Viramontes: “Fast Five” sets itself apart from previous “Fast” films because director Justin Lin centers the action around the well-trodden territory of the heist genre. While I have my reservations about Dwayne Johnson’s place within the “Fast” family (his character pushes the series into a less family-friendly space and into a more violent and bloody affair), it’s hard to deny his mega-star wattage alongside the electric feel of seeing the main characters of all the previous films. And who could forget the franchise anthem “Danza Kuduro?”

Moreau: This is where the series really got me. All the coolest characters from the earlier moves are back, plus I’m already a fan of Dwayne Johnson’s Luke Hobbs. He fits right in with the rest of the macho cast, and this felt like a true “Avengers” team-up movie. The action really found its groove, and Dom and Brian pulling a bank safe through the streets from the backs of their suped-up cars was like beautiful, action-packed poetry.

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Fast & Furious 6

Moreau: These people are like superheroes now, and their cars can withstand almost any gnarly crash. When Dom jumped out of his car across a highway to save an amnesiac Letty, I burst into applause from my couch. This movie finally stepped up the villain, too. Luke Evans’ Owen Shaw went after the one thing Dom holds more sacred than fast cars: his “Fast” family.

Viramontes: What I also love about the sixth film is that the franchise really zeroes in on the high-tech angle. Going as far back as the original, special gadgets have always been a vital component of the cast’s arsenal. But now, the cars themselves are high-tech weapons.

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Furious 7

Viramontes: If “Fast Five” is where the franchise establishes a core “Fast” family, then the seventh film is where they figure out the villains. Who better to take on Dom and his gang of street racers than a family who protects their own just as fiercely? Not only does director James Wan give Paul Walker a fitting farewell, he manages to deliver some of the franchise’s best action scenes.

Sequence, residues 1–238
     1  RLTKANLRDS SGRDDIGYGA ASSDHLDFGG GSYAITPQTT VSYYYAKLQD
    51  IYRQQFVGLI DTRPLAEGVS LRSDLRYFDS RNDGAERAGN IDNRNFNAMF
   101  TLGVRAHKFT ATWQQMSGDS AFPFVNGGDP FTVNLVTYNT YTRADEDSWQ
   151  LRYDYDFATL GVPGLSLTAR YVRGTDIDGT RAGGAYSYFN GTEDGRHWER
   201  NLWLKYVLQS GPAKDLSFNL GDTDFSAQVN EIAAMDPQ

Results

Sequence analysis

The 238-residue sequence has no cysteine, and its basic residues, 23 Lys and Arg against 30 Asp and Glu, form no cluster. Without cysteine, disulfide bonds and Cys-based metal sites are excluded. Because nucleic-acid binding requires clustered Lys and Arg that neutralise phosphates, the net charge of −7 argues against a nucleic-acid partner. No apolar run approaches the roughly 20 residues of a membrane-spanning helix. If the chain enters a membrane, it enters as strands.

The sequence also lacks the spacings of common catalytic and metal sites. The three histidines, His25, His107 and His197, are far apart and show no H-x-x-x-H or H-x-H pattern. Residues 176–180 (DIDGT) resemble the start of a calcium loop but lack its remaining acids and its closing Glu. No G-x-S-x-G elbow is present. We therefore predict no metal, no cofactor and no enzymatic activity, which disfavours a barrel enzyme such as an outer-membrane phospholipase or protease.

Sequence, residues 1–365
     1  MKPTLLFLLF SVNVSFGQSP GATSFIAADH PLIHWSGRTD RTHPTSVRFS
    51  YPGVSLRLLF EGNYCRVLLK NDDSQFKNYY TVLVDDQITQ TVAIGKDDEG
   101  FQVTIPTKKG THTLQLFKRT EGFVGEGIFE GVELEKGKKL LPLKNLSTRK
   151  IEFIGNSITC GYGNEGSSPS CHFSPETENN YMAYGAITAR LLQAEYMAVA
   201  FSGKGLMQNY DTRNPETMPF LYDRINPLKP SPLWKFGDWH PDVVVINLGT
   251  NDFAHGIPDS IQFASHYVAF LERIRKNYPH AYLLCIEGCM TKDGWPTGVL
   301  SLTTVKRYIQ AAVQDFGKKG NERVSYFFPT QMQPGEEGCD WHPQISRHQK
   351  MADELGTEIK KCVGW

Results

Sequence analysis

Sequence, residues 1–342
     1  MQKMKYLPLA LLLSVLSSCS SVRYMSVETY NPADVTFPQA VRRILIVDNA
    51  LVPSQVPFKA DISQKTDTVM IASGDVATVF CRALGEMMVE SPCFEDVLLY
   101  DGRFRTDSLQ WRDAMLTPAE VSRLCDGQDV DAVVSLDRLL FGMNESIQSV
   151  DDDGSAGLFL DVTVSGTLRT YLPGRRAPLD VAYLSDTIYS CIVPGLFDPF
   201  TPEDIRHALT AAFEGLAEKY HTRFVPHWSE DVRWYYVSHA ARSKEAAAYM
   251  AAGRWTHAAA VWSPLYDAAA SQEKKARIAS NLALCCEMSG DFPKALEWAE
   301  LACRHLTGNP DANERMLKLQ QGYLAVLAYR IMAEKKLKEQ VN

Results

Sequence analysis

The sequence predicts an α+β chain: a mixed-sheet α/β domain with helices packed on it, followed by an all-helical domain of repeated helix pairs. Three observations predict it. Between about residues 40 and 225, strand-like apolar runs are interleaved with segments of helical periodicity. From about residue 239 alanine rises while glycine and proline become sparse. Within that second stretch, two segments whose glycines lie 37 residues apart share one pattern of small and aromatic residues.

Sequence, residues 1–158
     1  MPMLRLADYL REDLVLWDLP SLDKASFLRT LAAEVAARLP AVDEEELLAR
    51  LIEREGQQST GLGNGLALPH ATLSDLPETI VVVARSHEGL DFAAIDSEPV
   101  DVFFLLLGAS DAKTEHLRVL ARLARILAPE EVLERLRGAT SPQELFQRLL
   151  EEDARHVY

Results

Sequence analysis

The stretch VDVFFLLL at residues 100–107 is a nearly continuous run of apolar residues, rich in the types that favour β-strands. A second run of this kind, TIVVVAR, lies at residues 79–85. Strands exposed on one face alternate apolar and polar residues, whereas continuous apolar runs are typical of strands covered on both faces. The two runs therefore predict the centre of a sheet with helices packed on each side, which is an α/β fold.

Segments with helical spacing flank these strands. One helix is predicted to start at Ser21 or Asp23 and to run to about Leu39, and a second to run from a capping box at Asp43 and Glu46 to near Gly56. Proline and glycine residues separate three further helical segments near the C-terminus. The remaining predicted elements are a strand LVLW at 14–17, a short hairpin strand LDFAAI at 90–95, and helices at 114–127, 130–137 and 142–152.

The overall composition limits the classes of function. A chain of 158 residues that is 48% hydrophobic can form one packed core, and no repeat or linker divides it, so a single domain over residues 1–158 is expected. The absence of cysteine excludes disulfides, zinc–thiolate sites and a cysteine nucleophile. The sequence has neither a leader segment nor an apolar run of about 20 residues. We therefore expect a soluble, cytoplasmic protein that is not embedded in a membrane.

Moreau: I knew this was Paul Walker’s final movie, and they sent off Brian in a heartfelt way that made sense for his character, who was beginning a family of his own and starting to settle down. All of the movies travel the globe, but this one really felt the most international. The forest chase in Azerbaijan and the Abu Dhabi skyscraper fight scenes were stunning. Plus, Hobbs rips his arm out of a cast and drives an ambulance over a predator drone. What’s not to love?

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The Fate of the Furious

Moreau: This movie hit a speed bump for me. Cipher’s grand plan of blackmailing Dom, stealing nuclear codes and hijacking a submarine felt like they were jumping the shark. Also, who decided Charlize Theron should have dreadlocks, and shouldn’t Dom’s son be older if he and Elena had a relationship back in “Fast Five”?

Viramontes: The death of Elsa Pataky’s Elena Neves falls right in line with Hollywood’s “fridging” trope, killing women characters to give the men something to do. It’s not uncommon for members of the “Fast” family to come and go between movies, but was there not a compromise that saw her walk away without being killed?

(from left) Deckard Shaw (Jason Statham) and Luke Hobbs (Dwayne Johnson) in "Fast & Furious Presents: Hobbs & Shaw," directed by David Leitch.

Fast & Furious Presents: Hobbs and Shaw

Viramontes: Deckard Shaw’s shaky position in the “Fast” family notwithstanding, this entry lacks the heartfelt earnestness that defines the movies, and the jokes here feel centered in a meanness that clashes with the rest of the films. That said, the daisy chain of tow trucks that brings down Idris Elba’s helicopter fits right in alongside the series’ signature action set pieces.

Moreau: I actually saw this movie in 2019, and it sparked my interest in “Fast & Furious,” despite not knowing Hobbs’ and Shaw’s origins. I found the competitive banter and one-upmanship between the two macho characters to be pretty amusing, and Vanessa Kirby’s Hattie Shaw needs to join the main series in a sequel.

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“F9” and Beyond

Moreau: They say space is the final frontier, so I hope Dom and the crew go fully sci-fi and take a spin in some suped-up space cars. There could even be a villain who cracks time travel and the gang could go back in time. And finally, please give Dom’s baby a mini Dodge Charger.

Viramontes: The family has already traveled the globe, but the one place their adventures have never taken them is under the sea. It would also be a blast to see them infiltrate a high-stakes, luxury casino, like in “Casino Royale” or “Ocean’s Eleven.” And lastly, are we ever going to learn about Dom’s mother? There’s clearly fertile ground to uncover in the next films.